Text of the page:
Each of these Friends, doing what they could in the midst of imperfect, resistant, and often unpredictable circumstances, were able to make a huge difference—reforming social systems in a major way, making lives better for people all across the country—because God’s strength is made perfect in our weakness and from that humble point within us all, God’s Light leads us on.
In our Old Testament reading today, the psalmist expresses what he knows to be true—that God’s light comes to help us find our way back to God, where perfect peace, truth, love, and harmony abide:
“Send me your light and your faithful care (or truth), let them lead me; let them bring me to your holy mountain, to the place where you dwell.”
What a beautiful thing God’s grace is, finding us wherever we are, unknotting the judgments we heap on ourselves, turning our dark discouragement into Light-led hope and action. Grace walks right up to us at our weakness point and says, “no worries—this is not who you are. You are still my beloved child and loved beyond anything you can imagine. Let me show you the way back to who you are in Me.” That ocean of light that George Fox saw flowing over the ocean of darkness so many years ago still flows our way, bringing strength, Light, power, love, and clarity—divine companionship and a way forward—right into the places in our lives where we struggle most.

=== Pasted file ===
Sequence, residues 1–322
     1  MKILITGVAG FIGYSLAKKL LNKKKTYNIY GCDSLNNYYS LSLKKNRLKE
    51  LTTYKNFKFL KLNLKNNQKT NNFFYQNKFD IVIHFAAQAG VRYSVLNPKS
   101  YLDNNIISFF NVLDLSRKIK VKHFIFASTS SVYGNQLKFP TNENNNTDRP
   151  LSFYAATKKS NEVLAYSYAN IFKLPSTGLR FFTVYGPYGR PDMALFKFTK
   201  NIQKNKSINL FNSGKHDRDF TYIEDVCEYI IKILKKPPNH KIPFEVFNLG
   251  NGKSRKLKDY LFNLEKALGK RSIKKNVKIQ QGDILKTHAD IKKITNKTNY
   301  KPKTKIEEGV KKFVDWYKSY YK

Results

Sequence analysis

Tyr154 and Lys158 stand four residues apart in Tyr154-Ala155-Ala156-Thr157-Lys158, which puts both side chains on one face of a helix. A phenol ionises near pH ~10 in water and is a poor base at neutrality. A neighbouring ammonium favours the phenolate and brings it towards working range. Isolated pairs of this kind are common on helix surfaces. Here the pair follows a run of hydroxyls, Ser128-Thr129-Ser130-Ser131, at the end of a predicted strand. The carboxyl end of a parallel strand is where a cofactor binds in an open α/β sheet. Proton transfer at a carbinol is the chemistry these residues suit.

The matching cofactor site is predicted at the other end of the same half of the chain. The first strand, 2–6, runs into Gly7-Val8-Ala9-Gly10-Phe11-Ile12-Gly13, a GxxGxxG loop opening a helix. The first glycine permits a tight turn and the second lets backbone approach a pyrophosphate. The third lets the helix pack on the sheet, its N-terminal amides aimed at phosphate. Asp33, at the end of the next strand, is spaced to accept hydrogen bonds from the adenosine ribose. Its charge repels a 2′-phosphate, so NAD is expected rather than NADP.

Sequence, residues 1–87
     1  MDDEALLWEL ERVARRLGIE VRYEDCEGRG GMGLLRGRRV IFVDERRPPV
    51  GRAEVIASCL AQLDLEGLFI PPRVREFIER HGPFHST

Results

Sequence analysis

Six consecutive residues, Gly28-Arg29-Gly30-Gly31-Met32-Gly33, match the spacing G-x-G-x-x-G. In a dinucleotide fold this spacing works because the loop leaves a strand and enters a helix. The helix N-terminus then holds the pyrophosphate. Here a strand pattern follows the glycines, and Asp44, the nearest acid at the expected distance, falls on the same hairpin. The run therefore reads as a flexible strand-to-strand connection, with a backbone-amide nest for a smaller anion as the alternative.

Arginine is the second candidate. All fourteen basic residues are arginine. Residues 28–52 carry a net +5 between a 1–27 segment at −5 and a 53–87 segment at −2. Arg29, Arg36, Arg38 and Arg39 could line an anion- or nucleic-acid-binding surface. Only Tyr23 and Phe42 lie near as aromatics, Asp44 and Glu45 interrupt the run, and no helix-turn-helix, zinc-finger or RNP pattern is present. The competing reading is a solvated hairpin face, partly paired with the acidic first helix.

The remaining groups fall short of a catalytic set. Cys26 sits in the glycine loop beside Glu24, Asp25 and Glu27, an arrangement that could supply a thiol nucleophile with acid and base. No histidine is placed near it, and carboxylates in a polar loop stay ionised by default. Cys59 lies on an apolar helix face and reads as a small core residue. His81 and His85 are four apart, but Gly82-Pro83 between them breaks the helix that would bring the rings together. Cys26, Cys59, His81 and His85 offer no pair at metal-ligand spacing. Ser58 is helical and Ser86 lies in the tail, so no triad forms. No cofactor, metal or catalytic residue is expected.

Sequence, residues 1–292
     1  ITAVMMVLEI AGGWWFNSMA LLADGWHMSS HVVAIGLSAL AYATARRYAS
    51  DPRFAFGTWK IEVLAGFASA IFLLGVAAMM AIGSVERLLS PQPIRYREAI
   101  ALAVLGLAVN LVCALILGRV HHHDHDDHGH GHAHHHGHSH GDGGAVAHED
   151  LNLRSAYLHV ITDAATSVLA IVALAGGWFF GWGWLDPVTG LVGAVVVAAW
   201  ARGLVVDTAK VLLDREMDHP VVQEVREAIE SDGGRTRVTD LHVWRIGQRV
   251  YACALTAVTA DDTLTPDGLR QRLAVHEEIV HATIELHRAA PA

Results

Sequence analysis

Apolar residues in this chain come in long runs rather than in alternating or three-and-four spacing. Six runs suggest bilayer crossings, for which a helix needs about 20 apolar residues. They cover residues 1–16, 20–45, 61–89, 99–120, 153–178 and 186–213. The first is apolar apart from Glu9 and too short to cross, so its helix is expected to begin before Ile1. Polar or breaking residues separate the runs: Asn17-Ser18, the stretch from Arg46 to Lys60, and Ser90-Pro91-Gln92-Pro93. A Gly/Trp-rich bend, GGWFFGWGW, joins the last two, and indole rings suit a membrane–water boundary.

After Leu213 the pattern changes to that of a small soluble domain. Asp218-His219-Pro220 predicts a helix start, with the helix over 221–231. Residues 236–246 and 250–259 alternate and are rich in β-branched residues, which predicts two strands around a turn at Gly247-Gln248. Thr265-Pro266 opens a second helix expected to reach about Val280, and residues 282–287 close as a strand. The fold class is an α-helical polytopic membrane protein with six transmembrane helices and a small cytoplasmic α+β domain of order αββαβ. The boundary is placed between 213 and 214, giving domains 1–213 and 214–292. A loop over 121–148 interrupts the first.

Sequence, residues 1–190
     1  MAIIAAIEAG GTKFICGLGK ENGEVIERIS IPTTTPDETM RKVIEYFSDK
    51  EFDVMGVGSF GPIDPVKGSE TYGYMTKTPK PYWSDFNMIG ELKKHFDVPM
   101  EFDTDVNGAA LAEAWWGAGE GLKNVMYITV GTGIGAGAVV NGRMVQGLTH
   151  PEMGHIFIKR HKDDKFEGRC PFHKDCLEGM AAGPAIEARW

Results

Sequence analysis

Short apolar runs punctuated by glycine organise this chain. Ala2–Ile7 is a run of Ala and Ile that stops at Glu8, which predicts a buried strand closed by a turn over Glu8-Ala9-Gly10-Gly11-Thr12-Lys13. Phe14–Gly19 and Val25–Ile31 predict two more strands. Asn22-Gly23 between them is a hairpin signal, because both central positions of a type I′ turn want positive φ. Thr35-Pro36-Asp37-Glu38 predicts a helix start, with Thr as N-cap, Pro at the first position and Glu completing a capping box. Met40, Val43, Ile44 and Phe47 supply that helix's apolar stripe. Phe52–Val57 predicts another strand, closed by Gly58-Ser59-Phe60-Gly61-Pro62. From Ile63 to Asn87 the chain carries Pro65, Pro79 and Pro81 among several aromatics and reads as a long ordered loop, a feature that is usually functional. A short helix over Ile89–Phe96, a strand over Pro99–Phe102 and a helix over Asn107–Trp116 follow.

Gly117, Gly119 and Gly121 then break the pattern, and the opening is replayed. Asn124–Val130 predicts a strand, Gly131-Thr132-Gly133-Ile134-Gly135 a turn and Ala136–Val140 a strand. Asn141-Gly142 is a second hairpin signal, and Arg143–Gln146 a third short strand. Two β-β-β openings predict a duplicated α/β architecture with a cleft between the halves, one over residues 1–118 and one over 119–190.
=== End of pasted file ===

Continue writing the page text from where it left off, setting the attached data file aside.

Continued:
As a wise Friend recently said, “Things are not always what we want them to be and it’s difficult to let loose and turn the situation over to God, but He knows what is best.” Happy World Quaker Day, Friends. Be encouraged that God knows we are doing our best as we navigate this challenging time. We can’t know this morning what our lives will look like at the end of the first week of October in 2021. But we can know this: God’s ever-present power is made perfect in our weakness, and His grace is truly, always, and eternally more than sufficient for us.
- OT Psalm 43:3
- NT 2 Corinthians 12: 1-10